D.C. school system officials are using the recently released SAT scores as further evidence that the city's high schools need an academic upgrade, including more high-level courses and more credit hours.

While D.C. 12th-graders' scores on the college entrance exam rose a combined four points in verbal and math, they still trailed the national average by more than 200 points.

School-by-school scores released by the school system showed students continuing a three-year growth in the combined scores. Verbal scores rose from 412 last year to 414 and math scores climbed from 402 to 404.

Nationally, students scored 508 on the verbal test and 520 on the math test.

"We're certainly happy the scores have gone up, but we've got a long way to go," said Bill Caritj, assistant superintendent for educational accountability and assessment.

"We've got to be more consistent across all of our schools and get more students to do well on the tests," he said.

School Without Walls in Northwest logged the highest average SAT scores among the District's public schools and also exceeded the national average. From 2004 to 2005, its average scores rose 24 points, to 546, on the verbal test and 35 points, to 530, on the math portion.

Banneker Senior High School in Northwest ranked second highest. Banneker, known for its emphasis on high-level courses, also scored above the national average: 540 on the verbal test and 525 on the math test.

With a 507 average on the verbal exam, Wilson Senior High in Northwest scored just one point below the national average. And Wilson's 30-point gain, to 505, on the math test meant the school posted scores above 500 for the first time on both tests, according to Caritj.

Luke Moore Academy, a school that provides a second chance in an alternative academic setting for students 16 to 23 years old, saw big gains in each category. Its verbal score of 356 was 45 points higher than last year, while its math score jumped 88 points, to 372. Moore, however, has a small student body -- enrollment is just over 250 -- so a few relatively high-scoring students can significantly increase the school's average.

Despite the increase, Moore was among 13 senior highs scoring well below the national average. Anacostia Senior High in Southeast scored 327 on verbal (down six points from 2004 and 17 points from 2001) and 327 on math. And Ballou Senior High, also in Southeast, scored 348 in verbal and 341 in math, slightly better than last year.

School Superintendent Clifford B. Janey's academic team is working on a plan to overhaul high schools. All but four of the 16 senior highs in the city were listed as "in need of improvement" last month for failing for at least two years to make adequate yearly progress on the Stanford 9 standardized test. The federal No Child Left Behind law mandates that schools that fail to meet academic benchmarks are subject to intervention from their districts, including the replacement of staff members.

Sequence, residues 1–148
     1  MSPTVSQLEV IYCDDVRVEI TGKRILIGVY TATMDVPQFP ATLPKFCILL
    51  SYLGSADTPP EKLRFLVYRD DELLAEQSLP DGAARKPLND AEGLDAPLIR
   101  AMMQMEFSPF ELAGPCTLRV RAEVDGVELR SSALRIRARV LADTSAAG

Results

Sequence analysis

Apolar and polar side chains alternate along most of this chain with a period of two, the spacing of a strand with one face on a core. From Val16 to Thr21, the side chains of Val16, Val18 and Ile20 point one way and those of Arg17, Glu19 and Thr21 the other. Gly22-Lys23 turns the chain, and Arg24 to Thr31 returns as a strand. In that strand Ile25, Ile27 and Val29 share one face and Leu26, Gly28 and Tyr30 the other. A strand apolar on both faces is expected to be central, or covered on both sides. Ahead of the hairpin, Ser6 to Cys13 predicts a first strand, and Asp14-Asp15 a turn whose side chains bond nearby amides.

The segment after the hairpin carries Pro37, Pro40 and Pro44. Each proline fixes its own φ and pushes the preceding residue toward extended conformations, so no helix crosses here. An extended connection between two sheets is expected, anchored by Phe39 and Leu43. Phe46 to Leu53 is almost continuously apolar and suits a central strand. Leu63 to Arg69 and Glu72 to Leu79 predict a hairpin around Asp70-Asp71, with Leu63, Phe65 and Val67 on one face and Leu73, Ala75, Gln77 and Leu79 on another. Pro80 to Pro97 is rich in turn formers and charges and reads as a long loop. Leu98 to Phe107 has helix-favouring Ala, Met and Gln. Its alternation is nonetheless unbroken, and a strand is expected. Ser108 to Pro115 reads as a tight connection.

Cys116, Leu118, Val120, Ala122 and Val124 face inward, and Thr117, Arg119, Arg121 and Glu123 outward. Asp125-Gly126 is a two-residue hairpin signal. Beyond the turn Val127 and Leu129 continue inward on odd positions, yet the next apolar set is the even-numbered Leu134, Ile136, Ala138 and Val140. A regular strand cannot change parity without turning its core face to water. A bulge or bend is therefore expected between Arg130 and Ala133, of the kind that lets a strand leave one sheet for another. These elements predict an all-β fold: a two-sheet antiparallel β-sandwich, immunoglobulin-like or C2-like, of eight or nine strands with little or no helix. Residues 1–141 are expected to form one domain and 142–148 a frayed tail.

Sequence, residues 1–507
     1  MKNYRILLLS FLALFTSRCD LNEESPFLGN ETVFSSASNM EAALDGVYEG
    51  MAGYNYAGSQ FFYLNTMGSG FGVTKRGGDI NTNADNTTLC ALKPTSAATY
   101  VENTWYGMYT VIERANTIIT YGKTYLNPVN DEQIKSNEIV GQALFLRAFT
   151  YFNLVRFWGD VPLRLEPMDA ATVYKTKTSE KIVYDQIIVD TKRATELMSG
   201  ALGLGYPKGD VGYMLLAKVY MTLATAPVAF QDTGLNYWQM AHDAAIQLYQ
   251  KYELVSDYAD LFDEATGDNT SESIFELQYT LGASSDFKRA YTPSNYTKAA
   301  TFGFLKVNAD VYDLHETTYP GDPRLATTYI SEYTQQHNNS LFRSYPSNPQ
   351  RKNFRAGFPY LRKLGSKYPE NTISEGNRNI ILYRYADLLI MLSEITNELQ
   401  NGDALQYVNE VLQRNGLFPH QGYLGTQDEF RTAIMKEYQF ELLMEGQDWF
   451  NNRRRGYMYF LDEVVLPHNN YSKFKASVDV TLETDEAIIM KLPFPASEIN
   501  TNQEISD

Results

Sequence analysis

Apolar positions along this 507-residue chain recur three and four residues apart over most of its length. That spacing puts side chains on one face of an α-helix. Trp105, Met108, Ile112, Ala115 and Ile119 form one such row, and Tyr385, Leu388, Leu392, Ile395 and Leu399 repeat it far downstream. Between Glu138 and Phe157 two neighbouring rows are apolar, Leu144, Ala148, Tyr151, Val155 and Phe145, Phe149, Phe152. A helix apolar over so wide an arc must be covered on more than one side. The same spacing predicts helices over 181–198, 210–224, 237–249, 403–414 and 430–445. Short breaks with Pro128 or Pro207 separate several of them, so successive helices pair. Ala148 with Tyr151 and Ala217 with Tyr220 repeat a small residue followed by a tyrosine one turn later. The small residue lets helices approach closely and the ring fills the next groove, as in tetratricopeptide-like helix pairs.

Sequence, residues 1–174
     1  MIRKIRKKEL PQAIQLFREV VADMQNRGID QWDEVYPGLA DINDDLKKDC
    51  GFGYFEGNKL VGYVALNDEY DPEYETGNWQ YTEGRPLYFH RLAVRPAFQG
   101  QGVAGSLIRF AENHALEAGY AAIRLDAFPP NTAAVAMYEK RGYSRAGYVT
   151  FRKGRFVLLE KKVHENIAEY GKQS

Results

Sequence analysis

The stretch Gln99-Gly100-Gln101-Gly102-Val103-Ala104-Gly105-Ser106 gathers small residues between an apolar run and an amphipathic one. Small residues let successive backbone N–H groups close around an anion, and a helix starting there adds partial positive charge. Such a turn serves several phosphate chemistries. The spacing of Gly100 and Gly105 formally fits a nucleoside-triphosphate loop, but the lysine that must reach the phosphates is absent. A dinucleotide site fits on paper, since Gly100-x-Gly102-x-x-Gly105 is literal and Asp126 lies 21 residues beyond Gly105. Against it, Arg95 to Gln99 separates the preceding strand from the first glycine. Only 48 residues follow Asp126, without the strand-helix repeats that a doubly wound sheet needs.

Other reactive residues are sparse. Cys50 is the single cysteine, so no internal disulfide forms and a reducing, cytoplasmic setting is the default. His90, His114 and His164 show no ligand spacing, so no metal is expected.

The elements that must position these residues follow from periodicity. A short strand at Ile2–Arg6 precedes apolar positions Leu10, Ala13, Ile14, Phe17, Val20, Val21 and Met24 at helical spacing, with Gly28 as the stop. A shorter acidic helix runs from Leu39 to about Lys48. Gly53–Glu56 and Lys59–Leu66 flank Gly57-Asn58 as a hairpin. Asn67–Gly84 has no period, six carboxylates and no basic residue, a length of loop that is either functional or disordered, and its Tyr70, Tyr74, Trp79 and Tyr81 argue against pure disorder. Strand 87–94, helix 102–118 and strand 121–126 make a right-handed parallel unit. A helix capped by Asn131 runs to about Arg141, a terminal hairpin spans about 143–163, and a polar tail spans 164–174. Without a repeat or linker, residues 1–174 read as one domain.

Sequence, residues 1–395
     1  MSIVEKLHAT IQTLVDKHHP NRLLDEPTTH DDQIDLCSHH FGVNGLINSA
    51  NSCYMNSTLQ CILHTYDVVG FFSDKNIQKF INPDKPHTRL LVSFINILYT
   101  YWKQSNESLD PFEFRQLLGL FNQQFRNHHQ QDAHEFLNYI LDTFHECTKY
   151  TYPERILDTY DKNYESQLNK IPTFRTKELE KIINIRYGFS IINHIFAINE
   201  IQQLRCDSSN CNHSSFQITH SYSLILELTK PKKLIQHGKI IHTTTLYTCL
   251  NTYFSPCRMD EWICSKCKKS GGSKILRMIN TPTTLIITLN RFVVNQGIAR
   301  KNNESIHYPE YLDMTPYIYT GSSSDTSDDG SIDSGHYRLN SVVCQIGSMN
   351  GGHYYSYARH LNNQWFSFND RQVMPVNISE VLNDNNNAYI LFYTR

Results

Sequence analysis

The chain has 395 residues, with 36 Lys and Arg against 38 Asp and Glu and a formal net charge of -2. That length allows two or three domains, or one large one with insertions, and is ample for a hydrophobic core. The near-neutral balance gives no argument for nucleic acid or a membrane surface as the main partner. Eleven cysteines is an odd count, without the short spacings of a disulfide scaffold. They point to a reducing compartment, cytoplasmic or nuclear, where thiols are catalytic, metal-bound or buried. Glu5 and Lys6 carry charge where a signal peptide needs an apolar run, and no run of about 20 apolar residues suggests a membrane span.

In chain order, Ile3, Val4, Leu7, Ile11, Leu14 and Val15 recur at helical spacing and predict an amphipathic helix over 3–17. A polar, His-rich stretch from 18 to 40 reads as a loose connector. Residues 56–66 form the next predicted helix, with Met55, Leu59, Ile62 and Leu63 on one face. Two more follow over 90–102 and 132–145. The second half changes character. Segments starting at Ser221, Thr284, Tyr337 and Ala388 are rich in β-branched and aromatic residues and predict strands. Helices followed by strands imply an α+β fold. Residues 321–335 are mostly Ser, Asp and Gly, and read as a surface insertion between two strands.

In March, the Board of Education approved Janey's plan to rebuild the physical plants of seven senior highs, including Anacostia, Cardozo, Coolidge and Roosevelt.

Later in the spring, Janey unveiled plans to increase the number of credits required for graduation from 23.5 to 27.5 and to add more high-level courses, including Advanced Placement.

Moreover, he is bringing in "support teams" that include successful principals to work with the schools deemed "in need of improvement."

"While we're trying to support students struggling with algebra and some basic curriculum, we want to provide accelerated courses for our highest achievers who want to go to college," Caritj said. "Dr. Janey's vision is to work on all parts of the spectrum."

The College Board, the New York-based organization that administers the SAT, said a record number of students -- 1.5 million -- took the test this year.

Math scores outpaced verbal scores, officials said, a reflection of the courses students are taking in high school.

"Verbal skills are flat," said Caren Scoropanos, spokeswoman for the College Board. "Students are taking more advanced math courses -- calculus and trigonometry -- while not taking the same number of advanced classes in grammar and writing."

This year, the College Board revised the test. The new exam includes more higher-level math, longer reading passages and no analogies in the verbal section, and a writing component.

Only 2 percent of the students this year took the new exam, Scoropanos said.

This year, 1,496 students in the District took the SAT, down from 1,542 students last year. The drop is attributed to a decrease in the enrollment of high school students, school officials said.

D.C. school Superintendent Clifford B. Janey.